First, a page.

winged elm
Ulmus alata Michx.
  • LEAVES: deciduous, alternate, simple, short-petiolate, 1.5-3.5" long by 1-1.5” wide; blades lanceolate to narrowly elliptic, tips acute, bases equilateral to sometimes slightly inequilateral; margins doubly serrate; upper surfaces dark green and smooth, lower surfaces paler and duller, softly short-pubescent on the principal veins
  • FLOWER: perfect (bisexual), tiny, lacking petals, reddish, in pendulous racemes, appearing in winter well before leaves emerge
  • FRUIT: samara noticeably stipitate, with wing surrounding the seed bearing portion; elliptic to narrowly ovate and about 0.2” long, the wing notched at the apex and wing margin ciliate; samaras mature when leaves are emerging or just before
  • TWIGS: slender, those of the season gray-brown to red-brown, glabrous, exhibiting a zigzag pattern; terminal buds absent, lateral buds ca. 0.13" and pointed, reddish-brown; second-year and older twigs may possess two corky wings up to ca. 0.75” broad, the wings often becoming irregular with age as portions slough off; corky wings can be totally absent for a given tree, but are usually found on some trees at a given locality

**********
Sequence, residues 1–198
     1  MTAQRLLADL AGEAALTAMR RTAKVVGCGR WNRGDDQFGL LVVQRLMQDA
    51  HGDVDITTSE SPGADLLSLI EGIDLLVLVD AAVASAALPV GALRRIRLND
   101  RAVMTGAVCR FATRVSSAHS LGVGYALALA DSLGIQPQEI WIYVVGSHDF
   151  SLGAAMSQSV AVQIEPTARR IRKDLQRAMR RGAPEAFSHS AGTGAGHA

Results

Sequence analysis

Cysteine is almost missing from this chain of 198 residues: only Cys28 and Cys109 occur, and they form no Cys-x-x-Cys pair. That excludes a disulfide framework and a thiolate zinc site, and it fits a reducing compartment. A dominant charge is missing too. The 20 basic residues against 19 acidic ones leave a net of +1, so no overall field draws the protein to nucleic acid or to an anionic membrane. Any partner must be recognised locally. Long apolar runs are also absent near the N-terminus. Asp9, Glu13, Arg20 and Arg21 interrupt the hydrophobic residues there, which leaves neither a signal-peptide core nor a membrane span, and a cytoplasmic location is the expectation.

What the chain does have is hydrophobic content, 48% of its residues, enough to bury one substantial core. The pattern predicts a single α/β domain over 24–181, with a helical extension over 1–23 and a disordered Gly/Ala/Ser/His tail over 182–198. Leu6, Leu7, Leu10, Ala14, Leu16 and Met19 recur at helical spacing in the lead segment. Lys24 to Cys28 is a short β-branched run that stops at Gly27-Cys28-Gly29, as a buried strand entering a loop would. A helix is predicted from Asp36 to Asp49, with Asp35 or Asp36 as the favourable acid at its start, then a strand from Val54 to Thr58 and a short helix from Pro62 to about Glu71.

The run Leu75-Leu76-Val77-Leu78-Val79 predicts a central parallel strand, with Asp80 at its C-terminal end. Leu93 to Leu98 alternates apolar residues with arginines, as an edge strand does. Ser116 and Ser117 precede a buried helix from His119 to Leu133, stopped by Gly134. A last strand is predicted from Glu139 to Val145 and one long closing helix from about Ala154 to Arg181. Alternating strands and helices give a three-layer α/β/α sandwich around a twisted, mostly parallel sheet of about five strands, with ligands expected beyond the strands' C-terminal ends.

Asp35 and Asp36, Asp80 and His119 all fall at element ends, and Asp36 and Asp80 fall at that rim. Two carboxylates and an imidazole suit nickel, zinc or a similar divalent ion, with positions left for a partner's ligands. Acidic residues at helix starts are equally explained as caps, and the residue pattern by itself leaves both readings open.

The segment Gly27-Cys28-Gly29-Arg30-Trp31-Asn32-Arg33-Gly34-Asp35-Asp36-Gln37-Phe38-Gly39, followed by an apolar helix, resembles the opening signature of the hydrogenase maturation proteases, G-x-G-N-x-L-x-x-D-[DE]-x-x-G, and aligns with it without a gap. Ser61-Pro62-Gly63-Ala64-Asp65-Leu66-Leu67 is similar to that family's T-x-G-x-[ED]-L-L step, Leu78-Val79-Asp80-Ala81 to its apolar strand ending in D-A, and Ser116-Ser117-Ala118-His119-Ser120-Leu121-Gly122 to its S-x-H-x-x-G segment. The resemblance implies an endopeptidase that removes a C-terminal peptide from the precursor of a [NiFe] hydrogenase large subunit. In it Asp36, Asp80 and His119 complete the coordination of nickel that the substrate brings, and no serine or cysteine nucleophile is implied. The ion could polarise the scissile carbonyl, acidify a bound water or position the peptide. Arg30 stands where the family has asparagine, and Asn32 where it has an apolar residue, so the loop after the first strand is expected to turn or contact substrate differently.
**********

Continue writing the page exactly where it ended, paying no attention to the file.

• BARK: brownish-gray, with irregular flat ridges
  • FORM: medium sized tree, to ca. 60-70’ tall and 1-2’ dbh; crown rounded when open-grown
  • HABITAT: widespread and common in various well-drained forest types, can be found on wetter sites that experience only short-term flooding
  • WETLAND DESIGNATION: Facultative Upland (FACU): Usually occurs in non-wetlands, but may occur in wetlands of the Atlantic and Gulf Coast Plain Region
  • RANGE: southeastern US [USGS Range Map]
  • USES: :of minor importance for timber, lumped with other elms, woody used for boxes, furniture, crates, flooring, hockey sticks (wood of this and American elm is resistant to splitting); ornamental; like other native elms, susceptible to Dutch elm disease
  • WILDLIFE: high-value whitetail deer browse; mast eaten by various birds
  • Best Recognition Features:
    1. leaves alternate, elm-like and relatively small and slender, margins doubly serrate
    2. twigs often corky-winged
    3. fruiting in late winter, samaras small and slender, tips notched, margins ciliate